When we left off, Grandpa had lost his parents and grandfather.
According to Connie:
Adrian and Edna were married just before Adrian’s mother passed away in 1932. That same year he bought back the family market. The following year he tore down the market and built a gas station on the corner of Burdick and Balch. He ran that station for the next 50 years.
As the story goes, Adrian and his sweetheart, Edna, married a few months before his mother passed away. They got married in May of 1932 in South Bend, Indiana, without a big wedding. This is their wedding portrait:
What I hadn’t realized was that Grandpa bought back the “family market.” I hadn’t even known the store was sold! After his father got ill, Adriaan (sr.) sold the soda shop along with, I presume, the beautiful marble countertop. I don’t know who purchased it, but Grandpa bought it back–and instead of running the same sort of shop as his father, he turned it into a gas station.
In this photo of Grandpa by the pump, we are facing the station, which was at the SW corner of Burdick and Balch in Kalamazoo. On the NW corner, just across the street stood, and still stands, the Richard DeKorn house, built in 1885 by my great-great-grandfather. The brick house in the background of the photo is not the Dekorn house, but a different house, a bit farther down Balch Street.
Connie writes that Grandpa said that although he worked 12-14 hours a day at the station, he spent plenty of time with his kids.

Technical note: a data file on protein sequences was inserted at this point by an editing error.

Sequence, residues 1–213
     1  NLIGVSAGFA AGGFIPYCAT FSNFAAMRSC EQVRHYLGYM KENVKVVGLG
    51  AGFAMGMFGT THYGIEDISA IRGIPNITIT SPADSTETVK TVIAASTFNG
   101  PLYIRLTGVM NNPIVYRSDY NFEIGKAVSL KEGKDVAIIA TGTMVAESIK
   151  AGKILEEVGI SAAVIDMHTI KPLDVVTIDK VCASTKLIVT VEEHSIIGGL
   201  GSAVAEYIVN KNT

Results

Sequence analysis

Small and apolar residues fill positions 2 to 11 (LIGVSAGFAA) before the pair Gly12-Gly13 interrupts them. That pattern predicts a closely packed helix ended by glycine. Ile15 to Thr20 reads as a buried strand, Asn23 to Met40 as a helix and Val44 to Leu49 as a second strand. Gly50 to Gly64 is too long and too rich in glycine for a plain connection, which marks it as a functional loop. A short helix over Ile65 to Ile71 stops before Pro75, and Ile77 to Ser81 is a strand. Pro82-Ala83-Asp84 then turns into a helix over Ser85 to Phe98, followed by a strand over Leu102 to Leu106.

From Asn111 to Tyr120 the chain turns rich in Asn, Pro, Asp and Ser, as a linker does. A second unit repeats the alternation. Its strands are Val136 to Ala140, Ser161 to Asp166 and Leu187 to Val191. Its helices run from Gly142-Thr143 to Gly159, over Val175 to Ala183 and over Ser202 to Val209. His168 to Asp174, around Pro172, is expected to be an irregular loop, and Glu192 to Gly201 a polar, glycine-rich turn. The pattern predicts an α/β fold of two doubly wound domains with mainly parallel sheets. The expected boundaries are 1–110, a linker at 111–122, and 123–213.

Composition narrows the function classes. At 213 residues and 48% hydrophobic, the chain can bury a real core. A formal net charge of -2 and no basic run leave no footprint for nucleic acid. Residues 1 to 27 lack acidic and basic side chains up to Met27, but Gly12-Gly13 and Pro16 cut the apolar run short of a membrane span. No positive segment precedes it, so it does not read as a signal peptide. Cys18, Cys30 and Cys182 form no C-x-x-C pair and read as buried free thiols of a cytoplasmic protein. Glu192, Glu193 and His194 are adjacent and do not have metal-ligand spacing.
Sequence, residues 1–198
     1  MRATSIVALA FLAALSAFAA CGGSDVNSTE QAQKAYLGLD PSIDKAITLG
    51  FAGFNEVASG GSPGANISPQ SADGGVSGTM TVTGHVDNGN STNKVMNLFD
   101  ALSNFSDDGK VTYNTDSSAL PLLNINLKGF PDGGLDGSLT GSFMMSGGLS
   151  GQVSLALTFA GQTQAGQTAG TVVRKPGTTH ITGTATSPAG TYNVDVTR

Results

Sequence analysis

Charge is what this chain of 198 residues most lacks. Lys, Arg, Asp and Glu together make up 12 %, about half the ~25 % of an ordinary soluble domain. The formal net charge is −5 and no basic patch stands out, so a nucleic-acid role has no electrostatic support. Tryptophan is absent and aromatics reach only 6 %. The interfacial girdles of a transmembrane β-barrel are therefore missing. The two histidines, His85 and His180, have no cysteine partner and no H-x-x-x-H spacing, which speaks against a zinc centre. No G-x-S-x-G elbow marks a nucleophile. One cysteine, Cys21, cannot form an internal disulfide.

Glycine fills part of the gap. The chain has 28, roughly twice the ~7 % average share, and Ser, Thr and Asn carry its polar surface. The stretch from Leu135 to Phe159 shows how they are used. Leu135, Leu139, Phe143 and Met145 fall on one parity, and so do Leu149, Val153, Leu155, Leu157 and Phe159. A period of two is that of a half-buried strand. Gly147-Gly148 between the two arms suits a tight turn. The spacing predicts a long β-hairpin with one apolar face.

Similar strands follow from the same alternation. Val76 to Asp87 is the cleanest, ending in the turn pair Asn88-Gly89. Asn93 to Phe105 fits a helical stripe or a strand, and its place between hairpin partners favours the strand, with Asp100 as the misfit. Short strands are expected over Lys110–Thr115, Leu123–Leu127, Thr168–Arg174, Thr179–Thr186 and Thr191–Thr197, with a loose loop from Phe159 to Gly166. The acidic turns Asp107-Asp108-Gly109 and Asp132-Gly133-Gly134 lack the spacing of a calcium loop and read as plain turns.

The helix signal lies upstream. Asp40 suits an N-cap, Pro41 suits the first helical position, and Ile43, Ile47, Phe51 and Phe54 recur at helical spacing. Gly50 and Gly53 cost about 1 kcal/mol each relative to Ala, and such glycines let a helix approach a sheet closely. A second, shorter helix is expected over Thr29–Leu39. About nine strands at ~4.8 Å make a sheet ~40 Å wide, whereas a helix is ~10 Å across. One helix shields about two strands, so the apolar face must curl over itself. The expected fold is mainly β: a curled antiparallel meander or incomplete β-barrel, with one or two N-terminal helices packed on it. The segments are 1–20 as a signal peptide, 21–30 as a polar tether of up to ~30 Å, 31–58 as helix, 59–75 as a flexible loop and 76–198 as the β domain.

When I was five Grandma babysat me every school day, and I saw that Grandpa had his own routine down. Early in the morning he would leave the house and pick up a newspaper at Michigan News Agency. It was still dark outside. Then he would leave for work while it was still early. However, the station was only three lots down from the house so he didn’t go far. And we could go down and see him whenever we liked–and always to bring him a home-cooked lunch.
When Grandpa came home from work at suppertime, his work uniform was covered with grease from working on cars down in the “pit.” He’d go straight downstairs to the basement and take a shower under the shower head he had rigged up over the drain in the floor. That way when he came upstairs to greet us, he would be squeaky clean and ready for his dinner.
Grandpa’s shock here at the loss of ”personal contact” is emblematic of his practical and logical thinking, as well as his homespun philosophies. I can’t help but feel that he was so right in what he said. If he knew that today people sit with each other and interact only with their cell phones, he would be appalled.
It’s true that Grandpa loved to take his family on vacations. My mother has good memories of the family road trips. When I stayed at Grandma and Grandpa’s house, I discovered a cedar chest filled with my mother’s treasures, and one of them was a very pretty silver and turquoise bracelet she had gotten on a family trip. I still have that bracelet.
I hope you’ll stay tuned for Part VIII of Grandpa’s story . . . .
Here are the first parts of the story:
Click this link for Part I
Click this link for Part II
Click this link for Part III
Click this link for Part IV
Click this link for Part V
Click this link for Part VI